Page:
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Beauty, Wipes and Preservation

Jeff Falk

At a recent Cosmetic Executive Women’s Newsmaker Forum, Neil Fiske, CEO of Bath & Body Works, said, “Holding on to the past is the only thing that will limit our growth.” In his speech and in his book Trading Up—New American Luxury, Fiske takes a broad look at how consumers spend money in pursuit of beauty and well-being, proposing that how one looks, feels and lives all contribute to a broader definition of beauty.

Wipes and related technologies appear to sit well within Fiske’s proposition. Disposable wipes are convenient, portable and hygienic—attributes that support the broader definition of beauty. In a recent issue of Cosmetics & Toiletries magazine, Robert Y. Lochhead of The Institute for Formulation Science at The University of Southern Mississippi, reported that emerging technologies continue to enhance the properties of wipes, augment deliverable attributes and increase market penetration. In fact, The Freedonia Group reports that the U.S. demand for wipes will grow 6% yearly through 2009 based on further market segmentation and new product introductions. The current value of wipes across segments in the U.S. is approximately $1.5 billion.

Personal care wipes have been ubiquitous in diaper-bag arsenals for years, and parents understood that the usefulness of wipes did not end once their children were out of diapers. Good hygiene also could be convenient—and convenience translates to products in most categories. Wipes, with the help of advances in technology and ingredients, increasingly are being designed for cosmetics and skin care.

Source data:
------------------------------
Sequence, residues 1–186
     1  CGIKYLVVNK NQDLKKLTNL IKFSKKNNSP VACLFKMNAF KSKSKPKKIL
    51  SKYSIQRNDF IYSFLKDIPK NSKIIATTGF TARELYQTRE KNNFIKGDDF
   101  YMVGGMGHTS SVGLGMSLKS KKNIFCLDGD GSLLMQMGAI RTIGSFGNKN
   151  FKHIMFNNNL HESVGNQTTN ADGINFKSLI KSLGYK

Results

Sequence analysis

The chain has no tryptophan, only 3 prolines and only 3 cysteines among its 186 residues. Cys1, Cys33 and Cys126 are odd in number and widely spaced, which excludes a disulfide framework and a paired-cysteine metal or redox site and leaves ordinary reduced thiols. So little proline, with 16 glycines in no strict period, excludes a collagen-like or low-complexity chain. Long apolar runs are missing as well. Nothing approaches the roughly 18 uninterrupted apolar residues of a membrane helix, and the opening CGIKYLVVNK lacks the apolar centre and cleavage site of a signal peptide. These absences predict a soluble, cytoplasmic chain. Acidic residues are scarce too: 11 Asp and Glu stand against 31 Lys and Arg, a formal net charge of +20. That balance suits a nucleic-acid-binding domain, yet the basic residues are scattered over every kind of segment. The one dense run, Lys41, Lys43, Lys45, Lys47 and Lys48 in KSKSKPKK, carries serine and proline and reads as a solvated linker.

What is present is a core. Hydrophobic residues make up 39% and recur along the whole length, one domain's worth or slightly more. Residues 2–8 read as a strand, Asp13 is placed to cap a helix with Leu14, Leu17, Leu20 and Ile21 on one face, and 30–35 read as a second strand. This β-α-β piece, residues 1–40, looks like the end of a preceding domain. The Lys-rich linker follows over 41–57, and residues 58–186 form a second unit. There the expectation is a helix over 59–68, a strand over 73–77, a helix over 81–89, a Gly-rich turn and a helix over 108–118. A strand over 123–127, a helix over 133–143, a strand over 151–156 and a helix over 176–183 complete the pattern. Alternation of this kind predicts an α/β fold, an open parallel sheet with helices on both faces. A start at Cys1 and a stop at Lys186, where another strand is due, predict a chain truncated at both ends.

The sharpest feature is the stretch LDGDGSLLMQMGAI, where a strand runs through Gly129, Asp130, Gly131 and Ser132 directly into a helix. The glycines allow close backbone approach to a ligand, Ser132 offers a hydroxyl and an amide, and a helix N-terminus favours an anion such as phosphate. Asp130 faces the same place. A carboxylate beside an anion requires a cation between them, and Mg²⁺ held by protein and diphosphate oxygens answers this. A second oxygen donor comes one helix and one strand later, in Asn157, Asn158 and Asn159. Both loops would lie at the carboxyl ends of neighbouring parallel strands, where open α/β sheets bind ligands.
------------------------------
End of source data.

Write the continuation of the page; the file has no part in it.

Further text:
“Nearly every cosmetic application can be offered,” said Wolfgang Siegert, technical service manager, Schülke & Mayr GmbH. “Deodorant wipes, sun protection wipes, skin tanning/skin whitening wipes, skin disinfection wipes, refreshing/cooling wipes are examples for new product types.”

According to Lochhead, deliverable product is usually contained within wipes as lotions that are solid at room temperature and depend on being melted by body heat during application. He forecasts advances in formulations and in the ability to make inexpensive nanofibrous materials that will enhance the capillary-driven uptake of formulas into the wipe itself.

Perhaps the most important advancements in wipe technology are those made in preservatives. Basically, ensuring that personal care and cosmetic formulas designed for use in wipes are viable end-use products.

Preservative Selection

Preservatives appropriate for traditionally packaged personal care and cosmetic products may not be equally suitable for preserving wipes, and preservatives for wipes face a number of challenges beyond the product formula.